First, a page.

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Are you crazy or crazy about tyres?

Tyre people think normal people are crazy. Because normal people don’t understand how important it is to have good tyres which are kept in good condition.

Normal people think tyre people are crazy. How can they be so passionate about something which is black, round and boring?

Scroll to the bottom of the page if you want understand tyres. In the meantime here’s why normal people are crazy when it comes to tyres.

This tyre could burst any day. It would skid on wet roads.

The inside of the tyre has worn way more than the outside indicating that the car needs a wheel alignment badly. The legal tyre tread depth is well below the 1.5 mm minimum. One side of the tyre has no grooves at all. So it can’t channel away water from a wet road. This car would skid easily. Worst of all the tyre has worn through to it’s fabric construction which is now exposed and vulnerable to damage. This tyre is likely to come apart suddenly and lose its air pressure instantly resulting in a dangerous blowout. Let’s hope the driver is going slowly when it happens.

This Volkswagen Polo needs 2 new tyres on the front and the driver is crazy.

How to prevent this. When your car is parked turn the steering hard to one side so you can see all the tread. If it’s badly worn or worn on one side take it to your nearest tyre shop.

These SUV tyres are mismatched. It wouldn’t stop in a straight line.

The Nissan X-Trail tyres above have different tread patterns. The one on the right has small tread blocks and wide straight grooves giving it good traction in the wet. The one on the left has large tread blocks, less grooves and would be better in the dry. Crazy!

Having mismatched tyres can cause your car to turn when you want it go straight, or go straight when you want it to turn.

Ideally each corner of your car should have the same amount of grip. So the car goes straight when you brake or accelerate. And so the car doesn’t understeer or oversteer when it goes around a corner.

You must have matching tyres on the same axel. Both rear tyres must be the same. Both front tyres must be the same. The pair on the front should be the same or similar to the ones on the rear.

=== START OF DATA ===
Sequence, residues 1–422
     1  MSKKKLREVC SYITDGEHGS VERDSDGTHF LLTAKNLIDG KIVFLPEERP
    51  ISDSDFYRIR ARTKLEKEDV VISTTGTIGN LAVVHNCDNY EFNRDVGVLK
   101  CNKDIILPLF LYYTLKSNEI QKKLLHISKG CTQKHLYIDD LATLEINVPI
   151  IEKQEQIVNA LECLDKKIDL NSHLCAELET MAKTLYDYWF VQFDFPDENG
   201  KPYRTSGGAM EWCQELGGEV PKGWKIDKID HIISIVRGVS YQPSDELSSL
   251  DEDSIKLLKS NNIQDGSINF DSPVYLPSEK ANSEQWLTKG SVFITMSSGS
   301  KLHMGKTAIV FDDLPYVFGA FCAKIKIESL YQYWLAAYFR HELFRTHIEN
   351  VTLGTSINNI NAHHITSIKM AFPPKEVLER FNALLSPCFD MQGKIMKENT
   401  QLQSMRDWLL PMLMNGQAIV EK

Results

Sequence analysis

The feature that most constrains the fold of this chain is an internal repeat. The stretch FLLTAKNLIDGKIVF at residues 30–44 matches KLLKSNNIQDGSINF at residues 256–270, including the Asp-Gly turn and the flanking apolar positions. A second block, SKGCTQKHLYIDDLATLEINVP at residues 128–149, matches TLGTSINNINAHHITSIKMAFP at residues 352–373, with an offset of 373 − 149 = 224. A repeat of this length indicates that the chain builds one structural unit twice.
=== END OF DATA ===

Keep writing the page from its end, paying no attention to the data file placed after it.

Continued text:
This Nissan X-Trail needs 2 new tyres on the rear.

Understanding Tyres. We’ve tried to make understanding tyres easy.

Think of tyres as your car’s shoes, and the tread as the sole. Some shoes have hard, smooth soles and are treacherously slippery. Others have moulded patterns and rubber that grips to give you good traction.

Many components go in to a modern tyre to give it the performance, handling and safety that we’ve come to expect.

A radial tyre starts with a shell: steel belts make up the spine of the tyre, while on the sides, bead wires have the primary task of holding the tyre firmly on the rim and seal in the air. The body ‘plies’ provide the strength to constrain the forces created by the internal air pressure, and work in conjunction with the bead to maintain the tread in full contact with the road surface.

Finally, the grooves in the tread are specially designed to remove water from under the tyre in wet conditions. This is why a ‘bald’ tyre is so dangerous; as the tread wears down, the tyre’s ability to remove water, and therefore have grip, is significantly reduced.

Here’s a technical tyre description of the components which make a high quality tyre, in this case theYokohama ADVAN Sport.

1. Round profile

2. Jointless triple edge cover (Full nylon cover)

3. Overlapped jointless winding

4. High-hardness under the tread compound

5.High tension steel belts

6. Rayon carcass (Some tyres have a polyester carcass)

7. High-harness bead filler

8. Side steel reinforcement

9. High-harness side compound

A tyre is a package designed to give you tens of thousands of kilometres of safe, comfortable driving. And when the only thing between you and the road at speeds up to 110km/h is the tyres, you cannot cut corners.

At Yokohama, we are dedicated to finding you the right tyre at the right price.

Want to make sense of the numbers and codes on your tyres? It’s easy to find out how to find your tyre size.

DID YOU KNOW… The minimum legal tread depth on a tyre is 1.5mm – about the height of the head on a match. On the side of your tyres you can find little arrows pointing to ‘tread wear indicator’ bars. When the tread wears down to this level, the tyres need replacing.